Dr. Chris Renna explains the common symptoms associated with osteoarthritis and why it seems that women suffer from it more often than men
Dr. Renna: Everyone realizes they have osteoarthritis in their own time, in their own way but the classic symptoms are joint pain and stiffness, and the stiffness is often greater in the morning than it is as the day goes on.
The pain might not be what you think of as pain. It might just be an ache or a soreness. It may even register to you as a tiredness, you know, you have a tiredness in your neck or your hands are just tired. And that’s how you may describe it, but basically that’s because you’ve got access inflammation damaging the joint tissue, the cartilage in the joint and the investing tissues that surround the joint. So the classic symptoms are soreness, stiffness and pain of the joint.
Women do suffer from it more often than men, particularly in their hands, and they also suffer from it in other joints more than men. Perhaps the modifying factor that gives men almost the neck-in-neck competition in having osteoarthritis is that trauma, being overweight, and aging predisposed osteoarthritis.
Now that’s really important because when I was in medical school and throughout the majority of my career, that’s what I was taught were the causes of osteoarthritis. The actual causes Dr. Wehling identified of osteoarthritis and lower back pain is excess inflammation created by a certain protein and if you are able to block the effect of that protein you can block the inflammation, you can slow down the progression of the disease and relieve the symptoms.
But women often have osteoarthritis of their hands. They have it in their weight-bearing joints and in their back and maybe more so because women are supported in their complexity by estrogen throughout their lifetime. And as estrogen levels decline, either in perimenopause, menopause or in surgically induced conditions, as those estrogen levels decline they don’t have that same protection and support in that very complex system that is every female begins to come apart. And one of the ways it comes apart is an increasing pain from osteoarthritis - the three things that women can do to prevent osteoarthritis, really important.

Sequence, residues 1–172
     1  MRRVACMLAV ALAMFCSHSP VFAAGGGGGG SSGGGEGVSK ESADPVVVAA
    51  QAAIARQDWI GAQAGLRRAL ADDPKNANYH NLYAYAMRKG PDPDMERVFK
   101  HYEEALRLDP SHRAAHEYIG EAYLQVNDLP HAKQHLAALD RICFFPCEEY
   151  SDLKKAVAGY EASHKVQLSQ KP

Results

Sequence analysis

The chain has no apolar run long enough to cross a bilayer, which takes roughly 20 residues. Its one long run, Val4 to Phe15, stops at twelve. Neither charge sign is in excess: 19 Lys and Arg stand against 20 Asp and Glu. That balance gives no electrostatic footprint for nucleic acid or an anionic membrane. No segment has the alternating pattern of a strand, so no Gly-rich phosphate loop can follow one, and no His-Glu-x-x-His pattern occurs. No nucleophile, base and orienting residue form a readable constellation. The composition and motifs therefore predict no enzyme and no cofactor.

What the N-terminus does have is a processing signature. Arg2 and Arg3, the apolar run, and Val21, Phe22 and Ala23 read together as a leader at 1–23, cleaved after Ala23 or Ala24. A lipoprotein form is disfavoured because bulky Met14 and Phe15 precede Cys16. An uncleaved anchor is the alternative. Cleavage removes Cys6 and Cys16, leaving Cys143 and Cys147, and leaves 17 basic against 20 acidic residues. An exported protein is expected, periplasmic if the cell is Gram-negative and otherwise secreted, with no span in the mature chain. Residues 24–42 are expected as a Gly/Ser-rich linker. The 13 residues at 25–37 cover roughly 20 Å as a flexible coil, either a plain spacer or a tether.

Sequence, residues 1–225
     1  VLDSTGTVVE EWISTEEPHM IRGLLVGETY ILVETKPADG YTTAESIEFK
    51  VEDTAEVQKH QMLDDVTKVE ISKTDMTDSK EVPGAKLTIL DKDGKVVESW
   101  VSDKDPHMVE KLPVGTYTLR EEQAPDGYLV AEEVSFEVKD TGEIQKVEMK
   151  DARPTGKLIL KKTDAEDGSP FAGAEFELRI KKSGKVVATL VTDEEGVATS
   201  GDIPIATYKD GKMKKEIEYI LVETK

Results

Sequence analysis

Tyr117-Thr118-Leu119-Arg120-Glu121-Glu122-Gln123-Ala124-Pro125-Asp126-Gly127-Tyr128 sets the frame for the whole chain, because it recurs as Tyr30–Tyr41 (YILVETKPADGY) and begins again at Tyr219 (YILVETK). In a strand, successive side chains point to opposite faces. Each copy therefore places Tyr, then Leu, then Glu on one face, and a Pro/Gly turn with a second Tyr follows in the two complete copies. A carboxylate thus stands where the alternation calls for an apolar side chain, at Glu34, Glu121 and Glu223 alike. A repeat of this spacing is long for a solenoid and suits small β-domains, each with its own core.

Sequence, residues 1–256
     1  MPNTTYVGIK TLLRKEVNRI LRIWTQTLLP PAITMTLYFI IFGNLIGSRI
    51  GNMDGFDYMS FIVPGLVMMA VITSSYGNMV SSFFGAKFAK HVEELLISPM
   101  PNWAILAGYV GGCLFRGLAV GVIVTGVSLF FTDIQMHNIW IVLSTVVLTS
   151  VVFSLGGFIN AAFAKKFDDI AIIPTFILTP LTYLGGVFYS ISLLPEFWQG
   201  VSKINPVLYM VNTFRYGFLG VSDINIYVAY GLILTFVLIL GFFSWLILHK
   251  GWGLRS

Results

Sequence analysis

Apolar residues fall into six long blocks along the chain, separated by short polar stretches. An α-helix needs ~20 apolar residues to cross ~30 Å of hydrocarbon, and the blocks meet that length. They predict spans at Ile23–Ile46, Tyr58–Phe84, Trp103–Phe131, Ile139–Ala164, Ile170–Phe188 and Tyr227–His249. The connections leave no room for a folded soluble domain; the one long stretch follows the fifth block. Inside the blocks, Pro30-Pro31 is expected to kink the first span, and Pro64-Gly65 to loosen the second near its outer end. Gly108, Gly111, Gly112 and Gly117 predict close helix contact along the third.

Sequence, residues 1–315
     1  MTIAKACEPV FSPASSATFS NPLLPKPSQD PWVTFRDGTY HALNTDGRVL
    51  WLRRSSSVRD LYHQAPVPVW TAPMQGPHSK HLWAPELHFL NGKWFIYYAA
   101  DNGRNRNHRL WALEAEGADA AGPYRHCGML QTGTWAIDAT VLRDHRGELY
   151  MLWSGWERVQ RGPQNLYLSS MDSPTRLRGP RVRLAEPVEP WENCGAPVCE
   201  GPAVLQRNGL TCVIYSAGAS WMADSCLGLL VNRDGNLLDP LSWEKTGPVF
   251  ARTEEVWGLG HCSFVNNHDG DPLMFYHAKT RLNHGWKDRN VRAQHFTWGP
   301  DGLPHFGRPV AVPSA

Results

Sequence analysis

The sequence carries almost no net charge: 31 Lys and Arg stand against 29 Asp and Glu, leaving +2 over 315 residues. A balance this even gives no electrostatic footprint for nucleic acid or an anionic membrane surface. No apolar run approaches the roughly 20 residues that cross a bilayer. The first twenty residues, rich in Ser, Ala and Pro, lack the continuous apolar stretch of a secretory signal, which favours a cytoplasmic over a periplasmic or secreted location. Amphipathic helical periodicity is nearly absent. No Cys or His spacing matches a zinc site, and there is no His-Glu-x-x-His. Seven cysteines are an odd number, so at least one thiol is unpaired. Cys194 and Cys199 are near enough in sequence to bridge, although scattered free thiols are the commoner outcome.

In the appendix of our book ‘The end of pain’ I wrote the majority of that work, the majority of those chapters and it goes into four things, but the three things that women can do to prevent osteoarthritis are to eat the best diet possible because the best diet for each individual female is going to optimize their body composition.
In other words, if they eat an anti-inflammatory or low-inflammatory diet, if they take out processed foods or minimize processed foods, if they take out the white stuff – white sugar, white flour, dairy products, and that’s controversial for some women but it’s my belief that if they don’t eat dairy products they will have less inflammation in their diet and they will be able to maintain a healthier body weight. A healthier body weight will put less weight on those joints and it will also be a body that is less inflamed.
So number one is best diet possible. Number two is exercise. A vast majority of women that I know are too busy and it’s very difficult for them in their business and in their caretaking of everyone else and all the details of everyone else’s needs, even the details of their own needs, which can sort of tie them up at times– very difficult to make time for something as challenging for some women as exercise, but it’s absolutely essential.
So what you eat first, how often and how you move, second. You can choose your own and should customize it. It could be Yoga, it could be Pilates, it could be speed-walking, it could be group-walking, it could be swimming, it could be bicycling – stationary or mobile, you have to try them yourself to find out what’s best for your body, to which do you respond best, and that’s true exercise.
And third, which I might have put first actually is sleep. And that’s a very difficult subject for a lot of women, especially those who are seeing a decline in their estrogen levels because their brain doesn’t really know what’s going on either when their estrogen is going down, and their brain is a problem-solving organ so it wants to stay awake and conscious or at the first opportunity, wake up again and figure out ‘what’s happening to me.’
So sleeping is a very important part of avoiding the conditions of excess inflammation, one of which is osteoarthritis. It is essential to be able to exercise, move freely and to sleep well in the process of avoiding disease.
If you want to stay healthy you have to exercise, move comfortably and sleep well, and with osteoarthritis, many times you can’t.